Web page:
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Deputy AG: Defense Minister can’t shut down Army Radio during election season

Countering Gantz, official rules decision to remove station from military’s purview must be made by a minister in a non-interim government

The newsroom of Army Radio, which contains both conscripted soldiers and civilians who work on its programming. (Tomer Neuberg/Flash 90/File)
The newsroom of Army Radio, which contains both conscripted soldiers and civilians who work on its programming. (Tomer Neuberg/Flash 90/File)

Defense Minister Benny Gantz does not have the authority to shutter the military’s radio station during an election season, the deputy attorney general said Tuesday.

“In light of the election period, and the obligation of the government and its ministers to exercise restraint during this period, it will not be possible to reach a final decision regarding the future of Army Radio during the election period, including the issue of removing Army Radio from the IDF,” Meir Levin said in a statement.

The next defense minister to be appointed in a non-interim government will have full authority to close the station, Levin said.

In January, Gantz announced that he planned to remove Army Radio from the military and his ministry’s area of responsibility once and for all, a move that has long been expected but has been repeatedly delayed.

Blue and White party leader Defense Minister Benny Gantz speaks in an interview with Channel 13 news, January 12, 2021. (Channel 13 news)

The military’s operating, and funding, a radio station with journalists responsible for investigating the Israel Defense Forces itself, as well as politicians, has long been considered anachronistic, expensive and an ethical minefield. For that reason, for at least the past five years, the IDF has called for Army Radio to no longer be part of the military.

Army Radio — one of the most listened-to news stations in the country — has had an outsize footprint in Israel’s media landscape in general, providing relatively young soldiers with what would ordinarily be senior positions at any other news outlet. When they finish their service — still in their early 20s — many are hired for positions at other prominent networks across the country.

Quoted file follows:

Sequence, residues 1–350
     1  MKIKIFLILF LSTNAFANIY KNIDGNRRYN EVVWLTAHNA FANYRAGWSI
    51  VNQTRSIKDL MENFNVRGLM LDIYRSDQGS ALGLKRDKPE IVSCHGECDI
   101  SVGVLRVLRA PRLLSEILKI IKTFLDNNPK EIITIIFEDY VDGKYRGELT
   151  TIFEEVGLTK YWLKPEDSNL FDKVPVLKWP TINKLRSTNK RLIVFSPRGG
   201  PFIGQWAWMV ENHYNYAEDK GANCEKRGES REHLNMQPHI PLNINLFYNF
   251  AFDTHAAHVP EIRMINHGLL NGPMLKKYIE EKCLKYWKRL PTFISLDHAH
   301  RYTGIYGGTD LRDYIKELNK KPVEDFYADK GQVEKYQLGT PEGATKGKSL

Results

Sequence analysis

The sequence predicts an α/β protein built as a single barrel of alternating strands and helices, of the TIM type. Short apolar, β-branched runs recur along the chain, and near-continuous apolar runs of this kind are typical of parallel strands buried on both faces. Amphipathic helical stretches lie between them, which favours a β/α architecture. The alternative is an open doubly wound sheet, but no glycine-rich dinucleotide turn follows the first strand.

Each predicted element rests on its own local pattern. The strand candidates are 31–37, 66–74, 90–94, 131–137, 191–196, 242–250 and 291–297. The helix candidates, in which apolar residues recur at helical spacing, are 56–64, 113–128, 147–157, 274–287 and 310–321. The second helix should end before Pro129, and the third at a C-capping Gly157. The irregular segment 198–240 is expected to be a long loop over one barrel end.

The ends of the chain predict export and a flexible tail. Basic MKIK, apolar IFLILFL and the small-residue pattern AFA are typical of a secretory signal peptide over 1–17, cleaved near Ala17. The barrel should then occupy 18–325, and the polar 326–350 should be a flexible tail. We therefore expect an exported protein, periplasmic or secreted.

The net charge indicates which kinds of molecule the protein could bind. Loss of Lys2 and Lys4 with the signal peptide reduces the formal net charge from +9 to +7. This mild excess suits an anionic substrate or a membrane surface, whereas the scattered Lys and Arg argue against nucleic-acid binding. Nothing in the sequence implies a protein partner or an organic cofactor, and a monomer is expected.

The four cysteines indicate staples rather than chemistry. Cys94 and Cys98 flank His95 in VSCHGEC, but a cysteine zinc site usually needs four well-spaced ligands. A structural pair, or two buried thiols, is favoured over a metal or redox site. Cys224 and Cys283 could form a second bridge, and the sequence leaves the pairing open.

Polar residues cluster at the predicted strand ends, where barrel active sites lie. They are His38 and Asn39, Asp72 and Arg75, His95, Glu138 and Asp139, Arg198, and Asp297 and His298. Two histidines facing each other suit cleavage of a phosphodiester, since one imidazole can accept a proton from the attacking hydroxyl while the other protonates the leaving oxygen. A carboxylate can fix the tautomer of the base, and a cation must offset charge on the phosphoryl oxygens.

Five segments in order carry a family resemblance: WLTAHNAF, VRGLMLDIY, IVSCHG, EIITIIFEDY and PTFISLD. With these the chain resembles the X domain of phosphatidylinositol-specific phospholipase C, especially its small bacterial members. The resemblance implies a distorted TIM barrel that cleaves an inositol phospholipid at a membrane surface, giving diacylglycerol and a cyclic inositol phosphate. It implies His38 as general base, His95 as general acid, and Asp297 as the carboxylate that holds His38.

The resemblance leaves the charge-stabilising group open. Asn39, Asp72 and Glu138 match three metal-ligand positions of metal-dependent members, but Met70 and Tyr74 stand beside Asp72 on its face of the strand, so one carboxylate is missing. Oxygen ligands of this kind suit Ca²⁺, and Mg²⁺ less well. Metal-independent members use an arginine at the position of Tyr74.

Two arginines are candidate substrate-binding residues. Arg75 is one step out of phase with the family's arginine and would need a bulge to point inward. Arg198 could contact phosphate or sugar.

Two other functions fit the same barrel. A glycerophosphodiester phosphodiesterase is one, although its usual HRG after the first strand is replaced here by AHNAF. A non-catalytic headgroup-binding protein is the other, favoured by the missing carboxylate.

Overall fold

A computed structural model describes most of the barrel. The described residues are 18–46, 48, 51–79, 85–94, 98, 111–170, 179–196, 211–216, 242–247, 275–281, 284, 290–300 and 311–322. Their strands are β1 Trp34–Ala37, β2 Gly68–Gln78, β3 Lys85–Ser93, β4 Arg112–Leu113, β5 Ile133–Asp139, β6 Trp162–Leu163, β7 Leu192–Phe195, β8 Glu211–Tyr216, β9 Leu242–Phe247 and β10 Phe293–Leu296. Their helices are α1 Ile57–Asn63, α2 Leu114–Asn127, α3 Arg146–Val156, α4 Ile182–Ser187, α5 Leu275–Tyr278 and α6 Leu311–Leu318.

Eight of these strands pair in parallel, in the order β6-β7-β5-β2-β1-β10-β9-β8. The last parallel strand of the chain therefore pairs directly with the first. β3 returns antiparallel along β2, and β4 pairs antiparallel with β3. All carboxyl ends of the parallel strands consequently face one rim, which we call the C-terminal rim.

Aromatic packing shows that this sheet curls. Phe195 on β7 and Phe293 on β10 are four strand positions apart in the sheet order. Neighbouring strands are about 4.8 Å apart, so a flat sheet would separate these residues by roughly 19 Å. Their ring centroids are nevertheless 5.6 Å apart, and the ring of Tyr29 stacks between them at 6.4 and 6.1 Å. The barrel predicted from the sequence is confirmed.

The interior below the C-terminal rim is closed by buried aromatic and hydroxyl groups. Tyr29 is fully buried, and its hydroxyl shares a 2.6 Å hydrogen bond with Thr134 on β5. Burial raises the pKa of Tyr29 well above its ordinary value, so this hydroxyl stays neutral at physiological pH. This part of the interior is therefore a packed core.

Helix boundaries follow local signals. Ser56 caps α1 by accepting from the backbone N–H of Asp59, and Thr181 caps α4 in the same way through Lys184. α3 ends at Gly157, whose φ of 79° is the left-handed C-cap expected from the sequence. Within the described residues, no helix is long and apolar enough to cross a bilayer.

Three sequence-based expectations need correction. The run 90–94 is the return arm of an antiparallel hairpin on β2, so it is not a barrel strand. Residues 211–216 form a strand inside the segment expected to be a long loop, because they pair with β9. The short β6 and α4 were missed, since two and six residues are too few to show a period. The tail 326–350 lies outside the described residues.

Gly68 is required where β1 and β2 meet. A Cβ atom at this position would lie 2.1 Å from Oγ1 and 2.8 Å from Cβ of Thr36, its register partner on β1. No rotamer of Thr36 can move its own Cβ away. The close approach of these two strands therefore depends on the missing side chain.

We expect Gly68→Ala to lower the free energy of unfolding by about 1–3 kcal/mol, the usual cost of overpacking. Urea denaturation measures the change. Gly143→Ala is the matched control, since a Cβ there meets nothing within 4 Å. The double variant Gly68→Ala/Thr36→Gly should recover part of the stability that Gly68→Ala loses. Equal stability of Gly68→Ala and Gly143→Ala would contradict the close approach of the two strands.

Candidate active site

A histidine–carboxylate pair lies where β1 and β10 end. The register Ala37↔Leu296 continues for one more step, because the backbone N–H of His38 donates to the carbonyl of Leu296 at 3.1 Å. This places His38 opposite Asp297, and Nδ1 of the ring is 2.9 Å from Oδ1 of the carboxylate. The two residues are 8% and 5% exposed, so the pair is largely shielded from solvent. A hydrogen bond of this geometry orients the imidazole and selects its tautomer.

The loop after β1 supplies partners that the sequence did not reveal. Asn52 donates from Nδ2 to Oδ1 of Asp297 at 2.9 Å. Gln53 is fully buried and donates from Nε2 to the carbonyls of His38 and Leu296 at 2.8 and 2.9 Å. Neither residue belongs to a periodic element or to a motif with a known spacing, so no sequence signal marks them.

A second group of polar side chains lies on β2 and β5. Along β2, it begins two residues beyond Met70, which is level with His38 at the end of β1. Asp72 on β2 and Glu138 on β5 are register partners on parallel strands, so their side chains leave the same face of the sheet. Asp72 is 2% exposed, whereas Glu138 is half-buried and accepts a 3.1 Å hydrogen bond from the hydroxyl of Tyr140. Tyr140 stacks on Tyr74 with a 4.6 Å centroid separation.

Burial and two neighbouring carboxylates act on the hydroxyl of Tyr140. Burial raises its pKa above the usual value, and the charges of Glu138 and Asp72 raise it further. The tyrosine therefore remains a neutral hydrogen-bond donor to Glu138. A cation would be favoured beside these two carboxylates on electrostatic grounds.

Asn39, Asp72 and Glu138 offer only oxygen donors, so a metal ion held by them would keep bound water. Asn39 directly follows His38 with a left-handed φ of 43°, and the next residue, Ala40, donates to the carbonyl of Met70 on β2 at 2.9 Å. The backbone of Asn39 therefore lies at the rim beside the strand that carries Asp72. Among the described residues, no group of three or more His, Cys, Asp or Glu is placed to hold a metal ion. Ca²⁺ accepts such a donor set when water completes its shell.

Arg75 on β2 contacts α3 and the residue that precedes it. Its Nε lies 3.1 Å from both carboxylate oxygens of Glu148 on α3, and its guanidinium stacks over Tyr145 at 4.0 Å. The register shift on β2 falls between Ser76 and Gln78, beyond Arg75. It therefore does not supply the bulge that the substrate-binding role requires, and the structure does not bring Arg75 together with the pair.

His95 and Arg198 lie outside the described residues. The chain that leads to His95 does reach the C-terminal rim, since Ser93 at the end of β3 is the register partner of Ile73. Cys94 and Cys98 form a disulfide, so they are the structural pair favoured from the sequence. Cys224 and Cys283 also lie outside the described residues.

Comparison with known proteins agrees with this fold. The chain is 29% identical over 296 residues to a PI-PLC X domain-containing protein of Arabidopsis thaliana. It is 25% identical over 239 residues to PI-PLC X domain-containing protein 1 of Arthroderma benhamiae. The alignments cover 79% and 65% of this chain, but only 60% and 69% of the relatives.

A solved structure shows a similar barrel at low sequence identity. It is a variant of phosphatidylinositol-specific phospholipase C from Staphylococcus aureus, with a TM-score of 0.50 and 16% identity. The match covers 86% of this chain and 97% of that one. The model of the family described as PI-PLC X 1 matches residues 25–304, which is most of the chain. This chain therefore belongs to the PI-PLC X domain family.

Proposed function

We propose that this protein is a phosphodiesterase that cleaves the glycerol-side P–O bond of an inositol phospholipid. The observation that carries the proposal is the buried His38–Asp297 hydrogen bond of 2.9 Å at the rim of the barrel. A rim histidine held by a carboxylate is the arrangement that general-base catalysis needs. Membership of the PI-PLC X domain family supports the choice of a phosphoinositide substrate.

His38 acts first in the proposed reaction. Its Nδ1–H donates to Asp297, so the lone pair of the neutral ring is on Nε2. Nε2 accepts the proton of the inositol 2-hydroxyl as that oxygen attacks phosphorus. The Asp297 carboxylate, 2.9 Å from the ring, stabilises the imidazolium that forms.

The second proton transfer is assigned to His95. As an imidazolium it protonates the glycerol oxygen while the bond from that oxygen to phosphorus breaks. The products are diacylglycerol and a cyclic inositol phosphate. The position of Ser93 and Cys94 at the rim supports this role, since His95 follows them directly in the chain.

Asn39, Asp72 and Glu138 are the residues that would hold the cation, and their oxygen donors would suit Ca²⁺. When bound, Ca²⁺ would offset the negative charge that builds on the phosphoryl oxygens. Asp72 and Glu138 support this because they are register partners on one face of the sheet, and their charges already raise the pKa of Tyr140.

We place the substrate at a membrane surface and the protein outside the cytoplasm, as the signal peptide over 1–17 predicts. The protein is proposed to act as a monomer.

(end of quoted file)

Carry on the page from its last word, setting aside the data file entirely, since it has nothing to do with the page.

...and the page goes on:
The station’s news department is also staffed by seasoned journalists who do not view themselves as being at all obligated to toe the military line.

Grafitti reading “Army-get out of the radio. A soldier is not a journalist” written on a building near the IDF radio station (Galei Tzahal) headquarters in Tel Aviv-Jaffo, on August 19, 2015. (Nati Shohat/Flash 90)

The station’s position as a media outlet has thus always been an uneasy one, functioning simultaneously, and sometimes discordantly, as an independent news organization that seeks to critique the government and as an arm of the Israeli military dedicated to covering the troops and furthering the narrative of the military as an area of national consensus.

In recent years, Army Radio has been embroiled in various scandals tied to the statements of civilian journalists that have been criticized by right-wing elements as being too controversial or insufficiently patriotic for a station supposedly representing the IDF.

On the other hand, a number of presenters for the outlet have also been accused of being unfairly biased in favor of the prime minister.

National elections — the fourth in two years, slated for March 23 — were called after the power-sharing government of Likud and Gantz’s Blue and White failed to agree on a budget by a December 23 2020 deadline.

Judah Ari Gross contributed to this report.

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